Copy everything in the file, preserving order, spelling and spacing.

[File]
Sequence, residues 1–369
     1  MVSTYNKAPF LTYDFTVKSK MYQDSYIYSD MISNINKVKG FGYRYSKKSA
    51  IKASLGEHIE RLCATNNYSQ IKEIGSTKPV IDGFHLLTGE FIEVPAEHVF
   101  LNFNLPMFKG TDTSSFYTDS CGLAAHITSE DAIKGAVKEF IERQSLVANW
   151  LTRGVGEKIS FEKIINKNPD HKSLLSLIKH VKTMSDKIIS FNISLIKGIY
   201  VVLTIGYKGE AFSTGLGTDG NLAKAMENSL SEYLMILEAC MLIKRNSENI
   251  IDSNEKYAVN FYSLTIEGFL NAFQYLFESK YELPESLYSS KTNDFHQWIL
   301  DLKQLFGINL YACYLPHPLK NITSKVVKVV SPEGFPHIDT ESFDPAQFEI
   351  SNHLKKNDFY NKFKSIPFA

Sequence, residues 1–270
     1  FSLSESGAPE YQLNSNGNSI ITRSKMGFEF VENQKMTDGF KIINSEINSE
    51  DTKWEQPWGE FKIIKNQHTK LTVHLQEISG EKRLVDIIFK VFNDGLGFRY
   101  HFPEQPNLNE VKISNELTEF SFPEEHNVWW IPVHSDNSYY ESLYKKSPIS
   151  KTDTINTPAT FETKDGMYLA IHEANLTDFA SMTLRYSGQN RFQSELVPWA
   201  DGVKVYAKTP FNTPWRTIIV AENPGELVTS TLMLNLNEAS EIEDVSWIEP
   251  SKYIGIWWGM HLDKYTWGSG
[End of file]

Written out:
Sequence, residues 1–369
     1  MVSTYNKAPF LTYDFTVKSK MYQDSYIYSD MISNINKVKG FGYRYSKKSA
    51  IKASLGEHIE RLCATNNYSQ IKEIGSTKPV IDGFHLLTGE FIEVPAEHVF
   101  LNFNLPMFKG TDTSSFYTDS CGLAAHITSE DAIKGAVKEF IERQSLVANW
   151  LTRGVGEKIS FEKIINKNPD HKSLLSLIKH VKTMSDKIIS FNISLIKGIY
   201  VVLTIGYKGE AFSTGLGTDG NLAKAMENSL SEYLMILEAC MLIKRNSENI
   251  IDSNEKYAVN FYSLTIEGFL NAFQYLFESK YELPESLYSS KTNDFHQWIL
   301  DLKQLFGINL YACYLPHPLK NITSKVVKVV SPEGFPHIDT ESFDPAQFEI
   351  SNHLKKNDFY NKFKSIPFA

Sequence, residues 1–270
     1  FSLSESGAPE YQLNSNGNSI ITRSKMGFEF VENQKMTDGF KIINSEINSE
    51  DTKWEQPWGE FKIIKNQHTK LTVHLQEISG EKRLVDIIFK VFNDGLGFRY
   101  HFPEQPNLNE VKISNELTEF SFPEEHNVWW IPVHSDNSYY ESLYKKSPIS
   151  KTDTINTPAT FETKDGMYLA IHEANLTDFA SMTLRYSGQN RFQSELVPWA
   201  DGVKVYAKTP FNTPWRTIIV AENPGELVTS TLMLNLNEAS EIEDVSWIEP
   251  SKYIGIWWGM HLDKYTWGSG